'Learning Never Ends'
In Raymond Carver's short story 'Cathedral,' he uses plot, character, as
well as actions to develop his theme. The theme is very slowly and subtlety
developed early on the story. It is the theme of 'Leaning never ends.'
The character of the narrator's wife is simply a bridge between the two
contrasting attitudes of the narrator and Robert, the blind man. Robert
hired the narrator's wife to read for him. After much interaction, a
friendship developed. On the last day of this work, he asked her if he
could touch her face. This was the first indication in the story of
Robert's desire to learn more about the world about him. This action
had lasting impact on her, illustrated by her writing a poem about it [224.]
The narrator's character is shown to be very much unlike Robert's. The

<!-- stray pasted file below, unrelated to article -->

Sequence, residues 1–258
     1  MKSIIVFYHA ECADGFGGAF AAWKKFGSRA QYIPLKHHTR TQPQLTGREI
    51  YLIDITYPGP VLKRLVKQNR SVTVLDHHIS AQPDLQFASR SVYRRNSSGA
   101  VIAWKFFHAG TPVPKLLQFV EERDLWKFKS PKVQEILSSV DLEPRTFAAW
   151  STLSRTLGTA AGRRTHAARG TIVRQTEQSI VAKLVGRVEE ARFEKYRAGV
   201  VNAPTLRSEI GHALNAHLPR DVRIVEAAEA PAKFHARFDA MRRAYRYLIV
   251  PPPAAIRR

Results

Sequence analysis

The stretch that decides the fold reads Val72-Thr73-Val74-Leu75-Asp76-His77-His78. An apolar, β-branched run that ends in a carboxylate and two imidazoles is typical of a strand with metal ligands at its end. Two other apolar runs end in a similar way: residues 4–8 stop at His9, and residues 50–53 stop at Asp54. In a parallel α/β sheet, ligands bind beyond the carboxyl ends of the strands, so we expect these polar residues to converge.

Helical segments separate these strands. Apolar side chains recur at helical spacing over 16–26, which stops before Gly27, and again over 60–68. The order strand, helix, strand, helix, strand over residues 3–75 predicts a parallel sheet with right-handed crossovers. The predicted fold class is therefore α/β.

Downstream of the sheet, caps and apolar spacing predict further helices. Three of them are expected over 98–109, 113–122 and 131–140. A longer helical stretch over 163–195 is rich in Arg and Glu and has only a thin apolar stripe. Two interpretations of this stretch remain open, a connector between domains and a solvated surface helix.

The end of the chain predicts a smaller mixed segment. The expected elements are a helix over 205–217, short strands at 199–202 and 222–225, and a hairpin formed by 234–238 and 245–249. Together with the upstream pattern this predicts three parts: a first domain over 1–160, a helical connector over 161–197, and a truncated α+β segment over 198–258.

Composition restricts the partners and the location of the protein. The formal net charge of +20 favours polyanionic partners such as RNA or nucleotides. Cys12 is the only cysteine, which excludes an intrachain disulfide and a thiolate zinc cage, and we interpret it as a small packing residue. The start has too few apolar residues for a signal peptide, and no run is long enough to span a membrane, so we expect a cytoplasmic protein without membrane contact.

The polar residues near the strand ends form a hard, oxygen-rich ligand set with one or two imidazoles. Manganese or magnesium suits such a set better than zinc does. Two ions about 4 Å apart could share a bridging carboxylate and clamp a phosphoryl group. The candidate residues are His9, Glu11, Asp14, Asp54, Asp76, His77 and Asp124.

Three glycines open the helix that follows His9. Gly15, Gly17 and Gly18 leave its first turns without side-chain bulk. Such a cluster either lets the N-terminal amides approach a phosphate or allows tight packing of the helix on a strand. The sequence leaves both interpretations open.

narrator has never known anyone who was blind..
In The narrator's
mind it was a handicap and it made him feel sorry for Robert. It is also
obvious that Robert knew something about the Narrator from the tapes he
received, whereas the narrator never made the effort to find out much
about Robert. He was obviously reluctant to learn about Robert and his handicap.
After his arrival, Robert unexpectedly did away with the narrator's notion
of blind people and smoking. At dinner the narrator saw that Robert was
not as helpless as he had thought. After dinner he also saw just how
active Robert was. Having an Amway distributorship, and even making
friends all over the world as a ham radio operator. Robert was no doubly
a busy guy, making many friends, reaching out to others, learning about
the world through others around him.
It's very interesting to see how for...